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J Biol Chem. 2002 May 10;277(19):17359-66. Epub 2002 Mar 1.

Regulation of erythropoietin-induced STAT serine phosphorylation by distinct mitogen-activated protein kinases.

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Institute of Medical Science, Department of Medical Biophysics, University of Toronto, Canada.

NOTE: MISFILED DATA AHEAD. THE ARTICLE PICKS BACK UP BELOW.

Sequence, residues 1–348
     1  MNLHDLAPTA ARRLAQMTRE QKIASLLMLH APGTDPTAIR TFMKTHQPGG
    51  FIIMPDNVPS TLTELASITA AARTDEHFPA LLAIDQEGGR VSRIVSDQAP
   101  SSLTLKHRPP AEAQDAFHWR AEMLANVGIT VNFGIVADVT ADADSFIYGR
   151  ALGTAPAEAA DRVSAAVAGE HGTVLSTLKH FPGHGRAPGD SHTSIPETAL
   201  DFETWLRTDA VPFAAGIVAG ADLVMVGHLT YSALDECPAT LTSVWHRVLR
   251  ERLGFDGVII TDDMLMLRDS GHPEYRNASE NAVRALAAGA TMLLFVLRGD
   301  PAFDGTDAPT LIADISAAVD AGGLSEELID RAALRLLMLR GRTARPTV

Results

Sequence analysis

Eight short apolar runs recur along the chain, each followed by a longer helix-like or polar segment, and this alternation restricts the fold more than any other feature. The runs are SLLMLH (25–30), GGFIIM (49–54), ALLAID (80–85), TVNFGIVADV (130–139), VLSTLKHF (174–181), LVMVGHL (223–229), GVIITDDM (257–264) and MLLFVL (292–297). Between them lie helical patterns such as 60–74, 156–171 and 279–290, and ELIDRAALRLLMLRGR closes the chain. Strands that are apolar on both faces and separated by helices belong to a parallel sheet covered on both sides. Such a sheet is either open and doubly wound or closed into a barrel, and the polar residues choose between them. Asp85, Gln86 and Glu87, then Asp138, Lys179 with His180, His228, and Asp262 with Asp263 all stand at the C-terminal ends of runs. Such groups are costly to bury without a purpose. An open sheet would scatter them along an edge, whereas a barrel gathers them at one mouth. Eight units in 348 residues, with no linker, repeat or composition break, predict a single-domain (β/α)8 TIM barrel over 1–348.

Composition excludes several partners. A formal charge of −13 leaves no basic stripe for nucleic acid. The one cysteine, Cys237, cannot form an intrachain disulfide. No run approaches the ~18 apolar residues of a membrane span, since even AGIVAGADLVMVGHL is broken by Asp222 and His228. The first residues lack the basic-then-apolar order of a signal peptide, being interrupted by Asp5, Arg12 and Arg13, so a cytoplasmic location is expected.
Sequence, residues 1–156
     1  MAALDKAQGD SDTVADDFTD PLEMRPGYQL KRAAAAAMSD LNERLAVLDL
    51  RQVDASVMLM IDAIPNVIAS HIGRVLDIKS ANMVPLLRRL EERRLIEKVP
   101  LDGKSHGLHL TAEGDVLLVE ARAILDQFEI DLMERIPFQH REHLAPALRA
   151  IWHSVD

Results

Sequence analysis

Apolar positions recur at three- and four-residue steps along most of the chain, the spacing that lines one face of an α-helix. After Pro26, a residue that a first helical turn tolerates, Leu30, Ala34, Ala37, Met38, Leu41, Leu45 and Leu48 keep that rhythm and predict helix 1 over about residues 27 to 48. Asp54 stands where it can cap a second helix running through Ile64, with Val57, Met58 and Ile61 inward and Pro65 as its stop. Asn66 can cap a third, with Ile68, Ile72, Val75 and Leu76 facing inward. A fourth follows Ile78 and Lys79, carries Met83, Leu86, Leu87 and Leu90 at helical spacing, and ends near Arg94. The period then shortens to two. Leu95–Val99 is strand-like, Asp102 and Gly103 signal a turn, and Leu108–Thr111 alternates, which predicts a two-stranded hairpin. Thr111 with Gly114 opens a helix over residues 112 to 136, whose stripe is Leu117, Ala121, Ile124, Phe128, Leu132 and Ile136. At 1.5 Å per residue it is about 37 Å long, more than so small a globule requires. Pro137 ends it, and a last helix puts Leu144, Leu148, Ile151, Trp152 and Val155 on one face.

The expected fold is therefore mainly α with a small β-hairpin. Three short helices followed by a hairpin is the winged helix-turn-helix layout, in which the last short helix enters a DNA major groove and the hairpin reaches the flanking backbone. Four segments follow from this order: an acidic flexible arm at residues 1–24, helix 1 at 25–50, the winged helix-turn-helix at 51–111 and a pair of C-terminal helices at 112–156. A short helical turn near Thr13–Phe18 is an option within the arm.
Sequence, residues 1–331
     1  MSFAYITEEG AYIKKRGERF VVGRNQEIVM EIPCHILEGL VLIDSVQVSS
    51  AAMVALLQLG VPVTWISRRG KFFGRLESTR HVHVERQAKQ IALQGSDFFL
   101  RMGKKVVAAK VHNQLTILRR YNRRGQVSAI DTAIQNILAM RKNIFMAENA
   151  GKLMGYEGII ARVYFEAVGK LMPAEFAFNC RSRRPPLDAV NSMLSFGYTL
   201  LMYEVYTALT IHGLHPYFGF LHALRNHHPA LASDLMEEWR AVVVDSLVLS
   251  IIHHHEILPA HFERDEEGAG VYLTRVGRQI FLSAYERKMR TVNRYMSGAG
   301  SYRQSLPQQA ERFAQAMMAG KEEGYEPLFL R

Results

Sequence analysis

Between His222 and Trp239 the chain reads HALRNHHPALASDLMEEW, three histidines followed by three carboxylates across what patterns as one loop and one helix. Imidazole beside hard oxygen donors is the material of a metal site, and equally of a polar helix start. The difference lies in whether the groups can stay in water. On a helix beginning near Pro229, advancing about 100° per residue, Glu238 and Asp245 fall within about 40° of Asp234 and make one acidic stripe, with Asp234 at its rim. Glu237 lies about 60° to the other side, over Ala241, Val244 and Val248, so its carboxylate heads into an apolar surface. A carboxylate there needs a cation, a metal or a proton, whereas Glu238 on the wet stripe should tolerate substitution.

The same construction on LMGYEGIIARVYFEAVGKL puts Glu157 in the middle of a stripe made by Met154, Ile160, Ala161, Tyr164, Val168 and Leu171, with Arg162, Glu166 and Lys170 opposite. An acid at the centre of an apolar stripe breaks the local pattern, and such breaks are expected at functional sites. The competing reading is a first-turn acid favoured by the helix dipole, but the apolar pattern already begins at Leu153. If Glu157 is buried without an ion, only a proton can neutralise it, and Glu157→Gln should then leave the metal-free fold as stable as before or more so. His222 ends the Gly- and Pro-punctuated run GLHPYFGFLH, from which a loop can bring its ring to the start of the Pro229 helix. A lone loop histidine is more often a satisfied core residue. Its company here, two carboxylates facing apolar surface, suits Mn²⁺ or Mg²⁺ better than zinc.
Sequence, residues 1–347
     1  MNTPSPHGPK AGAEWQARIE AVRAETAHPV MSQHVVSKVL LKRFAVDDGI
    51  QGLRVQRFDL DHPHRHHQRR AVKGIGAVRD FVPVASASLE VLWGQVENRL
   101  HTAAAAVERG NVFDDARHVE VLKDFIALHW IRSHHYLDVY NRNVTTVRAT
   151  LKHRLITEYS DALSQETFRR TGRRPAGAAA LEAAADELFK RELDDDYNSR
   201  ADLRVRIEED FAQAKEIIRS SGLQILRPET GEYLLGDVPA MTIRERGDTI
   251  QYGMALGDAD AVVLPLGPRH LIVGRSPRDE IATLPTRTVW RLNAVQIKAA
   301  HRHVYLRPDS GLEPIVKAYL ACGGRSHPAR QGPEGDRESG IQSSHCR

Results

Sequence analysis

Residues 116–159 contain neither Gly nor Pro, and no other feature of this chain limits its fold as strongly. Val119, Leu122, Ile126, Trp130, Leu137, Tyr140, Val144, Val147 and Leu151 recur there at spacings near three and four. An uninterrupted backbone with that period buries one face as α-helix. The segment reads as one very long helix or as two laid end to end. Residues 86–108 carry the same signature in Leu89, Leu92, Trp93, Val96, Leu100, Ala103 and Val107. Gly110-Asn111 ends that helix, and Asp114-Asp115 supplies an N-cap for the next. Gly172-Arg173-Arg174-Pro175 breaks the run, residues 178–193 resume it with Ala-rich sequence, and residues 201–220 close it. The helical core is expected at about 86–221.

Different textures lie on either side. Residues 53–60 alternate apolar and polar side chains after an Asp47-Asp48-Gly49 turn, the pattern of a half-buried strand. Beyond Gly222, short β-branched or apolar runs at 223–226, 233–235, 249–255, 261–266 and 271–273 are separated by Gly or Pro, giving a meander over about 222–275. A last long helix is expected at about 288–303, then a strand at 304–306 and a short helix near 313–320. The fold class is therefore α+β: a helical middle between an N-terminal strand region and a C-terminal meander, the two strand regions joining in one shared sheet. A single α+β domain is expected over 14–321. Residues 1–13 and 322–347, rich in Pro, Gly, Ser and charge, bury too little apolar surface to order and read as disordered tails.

The STAT proteins are a family of latent transcription factors that are activated by a wide variety of cytokines. Upon receptor engagement, STATs become tyrosine phosphorylated, translocate to the nucleus, and induce expression of target genes. In addition to tyrosine phosphorylation, maximal activation of some STAT proteins requires serine phosphorylation within the transactivation domain. Here we focus on STAT phosphorylation after engagement of the erythropoietin receptor (EPO-R). In Ba/F3-EPO-R cells, EPO induces tyrosine and serine phosphorylation of STAT1, STAT3, STAT5A, and STAT5B. Identical regions of the EPO-R couple to both tyrosine and serine phosphorylation of each cognate STAT protein. A proximal region of the EPO-R lacking cytoplasmic tyrosines couples to STAT1 and STAT3 phosphorylation as well as ERK and p38(HOG) activation, but not JNK/SAPK. STAT1 serine phosphorylation was perturbed by inhibition of ERK and p38 pathways, whereas only inhibition of ERK activation blocked STAT3 serine phosphorylation in response to EPO. STAT5A/B phosphorylation is downstream of EPO-R Tyr(343), however, STAT5A/B serine phosphorylation is unaffected by either ERK or p38 inhibition. Physiological responses induced by EPO may depend on regulation of serine phosphorylation of the STAT molecules by p38(HOG) and the ERK family of kinases as well as additional serine/threonine kinases.

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